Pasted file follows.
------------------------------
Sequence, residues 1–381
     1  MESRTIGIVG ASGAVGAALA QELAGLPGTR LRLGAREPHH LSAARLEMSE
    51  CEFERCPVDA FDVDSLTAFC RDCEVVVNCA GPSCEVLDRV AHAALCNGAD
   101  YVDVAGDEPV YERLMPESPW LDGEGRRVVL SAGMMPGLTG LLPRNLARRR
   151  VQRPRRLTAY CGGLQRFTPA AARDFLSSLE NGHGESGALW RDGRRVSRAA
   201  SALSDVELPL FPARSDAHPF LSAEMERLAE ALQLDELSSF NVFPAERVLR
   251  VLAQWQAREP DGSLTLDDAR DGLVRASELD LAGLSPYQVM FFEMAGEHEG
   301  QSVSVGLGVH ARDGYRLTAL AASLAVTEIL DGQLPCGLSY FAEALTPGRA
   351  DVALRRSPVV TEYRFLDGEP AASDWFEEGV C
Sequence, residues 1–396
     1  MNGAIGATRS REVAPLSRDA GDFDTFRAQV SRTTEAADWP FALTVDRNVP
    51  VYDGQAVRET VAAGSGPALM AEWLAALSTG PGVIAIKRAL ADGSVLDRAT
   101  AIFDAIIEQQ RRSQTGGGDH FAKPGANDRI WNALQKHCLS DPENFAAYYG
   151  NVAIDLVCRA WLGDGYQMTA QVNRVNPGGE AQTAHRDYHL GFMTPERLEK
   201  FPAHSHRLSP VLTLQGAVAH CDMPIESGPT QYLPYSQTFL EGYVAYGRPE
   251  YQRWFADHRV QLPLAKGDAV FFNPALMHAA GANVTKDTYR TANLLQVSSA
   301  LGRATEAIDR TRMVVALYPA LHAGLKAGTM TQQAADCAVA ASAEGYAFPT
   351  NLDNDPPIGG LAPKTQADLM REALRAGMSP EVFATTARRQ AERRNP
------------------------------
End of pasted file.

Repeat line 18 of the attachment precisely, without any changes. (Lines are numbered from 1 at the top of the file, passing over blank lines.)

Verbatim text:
   351  NLDNDPPIGG LAPKTQADLM REALRAGMSP EVFATTARRQ AERRNP